It is important to understand how software updates will work in your environment, and one way this can be accomplished is to set up a test environment similar to your production environment. This section describes the operating systems and settings that are necessary to create a minimum configuration of a Microsoft System Center Configuration Manager 2007 site to use while you are testing or evaluating the software updates components. For example, if your enterprise uses Microsoft Windows Server 2003, Microsoft Windows 2000, and Microsoft Windows XP, you will need a minimum of one computer for each configuration.

In addition, you need computers that have other crucial line of business applications running on them (for example, accounting or sales-tracking software). When configuring a test collection, you should also account for variation in hardware within your enterprise (desktop versus laptop computers) and hardware configurations (low-memory versus multiprocessor servers).

Testing Requirements for Client Computers

One client is sufficient for minimum test purposes. However, if you want to have a representative sample of how software updates will work with all the computers used in your enterprise, it is recommended that you have representation for each configuration in your environment. For example, if you have computers that are running Windows XP SP2, Windows Server 2003, and Windows Vista, you should have a client computer for each of these operating systems in your test configuration. If you do not currently use a certain operating system (for example, Windows Server 2003 SP1) in your enterprise, but you plan to use it in the future, it is recommended that you add a computer that is running that operating system to your test configuration. This allows you to become familiar with how the software updates components and software updates work with the operating system before you deploy it in your enterprise.

Setting up this type of extended client test configuration allows you to become familiar with software updates in many different ways. By using more than one operating system you can do the following:

  • Review the specific software updates that Microsoft has published for those operating systems.

  • Start becoming familiar with software update management practices for each type of computer.

  • Learn how software updates work with different operating systems in a controlled environment.

  • Learn how to find information about specific software updates for specific operating systems when you need it.

Testing Requirements for Software Update Points

When using software updates in a test environment, create the software update point site role as it will be in the production site. You need to determine whether a single active software update point will be created or whether there will be an active software update point for connectivity from client computers on the intranet and an active Internet-based software update point for connectivity from client computers on the Internet. You also need to determine whether the software update point will be configured as a Network Load Balancing (NLB) cluster. For more information about planning for the software update points in a production environment and how to mirror the configuration in the test environment, see Planning for the Software Update Point Installation.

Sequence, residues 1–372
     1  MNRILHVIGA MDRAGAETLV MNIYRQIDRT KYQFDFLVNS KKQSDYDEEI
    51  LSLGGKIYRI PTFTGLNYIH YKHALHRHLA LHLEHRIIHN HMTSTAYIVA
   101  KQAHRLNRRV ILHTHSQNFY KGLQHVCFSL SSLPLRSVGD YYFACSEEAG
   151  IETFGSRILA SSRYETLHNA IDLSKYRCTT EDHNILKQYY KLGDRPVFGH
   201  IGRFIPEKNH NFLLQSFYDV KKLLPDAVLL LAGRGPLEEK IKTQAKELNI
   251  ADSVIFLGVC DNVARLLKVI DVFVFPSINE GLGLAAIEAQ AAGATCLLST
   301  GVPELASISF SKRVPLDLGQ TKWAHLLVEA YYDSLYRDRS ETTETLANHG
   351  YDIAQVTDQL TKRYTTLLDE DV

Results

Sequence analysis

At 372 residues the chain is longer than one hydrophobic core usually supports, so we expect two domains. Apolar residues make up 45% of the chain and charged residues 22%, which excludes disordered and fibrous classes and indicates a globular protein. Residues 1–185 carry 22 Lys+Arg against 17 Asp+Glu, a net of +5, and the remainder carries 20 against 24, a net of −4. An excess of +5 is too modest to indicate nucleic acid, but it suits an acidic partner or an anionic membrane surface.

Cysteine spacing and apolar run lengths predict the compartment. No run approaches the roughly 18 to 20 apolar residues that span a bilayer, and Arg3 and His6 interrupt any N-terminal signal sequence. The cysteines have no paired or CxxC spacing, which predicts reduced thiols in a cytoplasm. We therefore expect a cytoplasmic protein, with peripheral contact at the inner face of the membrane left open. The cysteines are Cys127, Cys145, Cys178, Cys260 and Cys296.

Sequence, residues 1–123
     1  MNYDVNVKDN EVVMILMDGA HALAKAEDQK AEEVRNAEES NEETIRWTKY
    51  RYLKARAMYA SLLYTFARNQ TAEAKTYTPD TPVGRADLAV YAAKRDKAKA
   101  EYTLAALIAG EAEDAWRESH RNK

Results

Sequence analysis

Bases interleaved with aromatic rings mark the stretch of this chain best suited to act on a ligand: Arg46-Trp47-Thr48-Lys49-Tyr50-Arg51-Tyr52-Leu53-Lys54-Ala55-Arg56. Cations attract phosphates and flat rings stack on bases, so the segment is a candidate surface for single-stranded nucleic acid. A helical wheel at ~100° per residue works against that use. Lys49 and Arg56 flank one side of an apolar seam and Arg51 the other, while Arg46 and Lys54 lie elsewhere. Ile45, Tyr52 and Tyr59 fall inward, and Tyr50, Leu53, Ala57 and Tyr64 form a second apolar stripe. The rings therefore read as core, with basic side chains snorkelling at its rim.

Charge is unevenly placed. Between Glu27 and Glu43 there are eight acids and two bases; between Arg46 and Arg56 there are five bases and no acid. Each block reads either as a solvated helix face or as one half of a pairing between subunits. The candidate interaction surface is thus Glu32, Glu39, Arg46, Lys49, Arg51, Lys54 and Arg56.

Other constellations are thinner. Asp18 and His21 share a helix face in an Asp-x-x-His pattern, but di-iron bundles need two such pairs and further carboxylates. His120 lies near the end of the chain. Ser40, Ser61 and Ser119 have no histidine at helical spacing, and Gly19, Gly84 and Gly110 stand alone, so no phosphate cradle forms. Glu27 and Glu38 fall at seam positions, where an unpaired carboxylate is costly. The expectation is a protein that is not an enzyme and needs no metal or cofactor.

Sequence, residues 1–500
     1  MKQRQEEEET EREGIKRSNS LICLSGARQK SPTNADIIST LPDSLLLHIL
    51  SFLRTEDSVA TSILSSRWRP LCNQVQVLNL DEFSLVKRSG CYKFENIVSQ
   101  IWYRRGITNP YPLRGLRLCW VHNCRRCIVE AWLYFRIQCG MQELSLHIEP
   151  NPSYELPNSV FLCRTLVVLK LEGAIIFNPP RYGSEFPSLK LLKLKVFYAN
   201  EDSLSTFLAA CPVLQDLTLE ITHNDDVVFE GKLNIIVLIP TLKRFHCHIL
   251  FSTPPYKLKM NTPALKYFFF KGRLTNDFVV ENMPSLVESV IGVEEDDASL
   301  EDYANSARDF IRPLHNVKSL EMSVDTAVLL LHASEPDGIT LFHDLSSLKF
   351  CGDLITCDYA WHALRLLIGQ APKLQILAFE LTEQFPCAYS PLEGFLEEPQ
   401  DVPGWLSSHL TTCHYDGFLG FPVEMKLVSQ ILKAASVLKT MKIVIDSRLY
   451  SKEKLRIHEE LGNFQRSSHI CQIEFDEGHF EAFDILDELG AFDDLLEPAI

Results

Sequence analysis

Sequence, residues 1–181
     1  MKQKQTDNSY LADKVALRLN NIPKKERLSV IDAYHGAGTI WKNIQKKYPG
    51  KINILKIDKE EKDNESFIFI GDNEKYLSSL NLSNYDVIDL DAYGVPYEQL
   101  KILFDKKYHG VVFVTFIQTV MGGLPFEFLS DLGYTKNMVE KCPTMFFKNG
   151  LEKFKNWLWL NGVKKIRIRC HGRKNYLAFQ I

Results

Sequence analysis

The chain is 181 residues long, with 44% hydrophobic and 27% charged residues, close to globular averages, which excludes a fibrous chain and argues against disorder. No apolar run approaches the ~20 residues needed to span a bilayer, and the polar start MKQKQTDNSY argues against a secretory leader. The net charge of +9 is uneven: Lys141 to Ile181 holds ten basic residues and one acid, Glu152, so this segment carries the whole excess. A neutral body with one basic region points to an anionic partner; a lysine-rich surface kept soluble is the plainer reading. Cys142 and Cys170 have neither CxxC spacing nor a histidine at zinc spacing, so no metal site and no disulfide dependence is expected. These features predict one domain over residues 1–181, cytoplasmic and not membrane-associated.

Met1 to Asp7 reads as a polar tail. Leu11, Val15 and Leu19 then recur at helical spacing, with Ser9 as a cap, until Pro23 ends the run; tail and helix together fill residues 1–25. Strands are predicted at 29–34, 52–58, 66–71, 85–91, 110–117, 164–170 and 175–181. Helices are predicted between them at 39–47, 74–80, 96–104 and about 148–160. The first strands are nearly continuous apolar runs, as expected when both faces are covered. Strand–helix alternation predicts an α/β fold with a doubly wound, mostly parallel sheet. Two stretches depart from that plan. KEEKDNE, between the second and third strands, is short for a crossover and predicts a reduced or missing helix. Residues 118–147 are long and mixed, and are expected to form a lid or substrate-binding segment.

Testing Requirements for a Mixed Hierarchy

If you have a Systems Management Server (SMS) 2003 production environment, you should have at least two SMS 2003 test sites in the test hierarchy, with clients installed on each type of computer system and software updates working in the hierarchy. The central site should then be upgraded to Configuration Manager 2007 so that you can become familiar with the upgrade procedures and post-upgrade configuration that is necessary for software updates. For more information, see Planning the SMS 2003 Software Updates Upgrade.

Once the central site is upgraded and configured for software updates, you can create test deployments targeting both Configuration Manager and SMS 2003 client computers and become familiar with the Configuration Manager objects, as well as with the special SMS 2003 deployment objects that are created.

Network Access Protection

Network Access Protection (NAP) in Configuration Manager 2007 works in conjunction with policies on a Windows Server® 2008 computer running Network Policy Server to enforce compliance with selected software updates. Configuration Manager 2007 clients that can support NAP (such as Windows Vista) can have these software updates enforced through automatic remediation and can have restricted network access until these software updates are successfully installed. To achieve this, you must install a System Health Validator point on the computer running Network Policy Server, enable the Network Access Protection Client Agent for Configuration Manager 2007 clients capable of supporting NAP, and select the software updates you want to be included in NAP evaluation. If you do not require NAP enforcement of software updates in your environment or you do not have the supporting infrastructure for Network Access Protection, you do not need to configure Network Access Protection in your test environment or in the production environment. For more information, see Planning for Network Access Protection.

See Also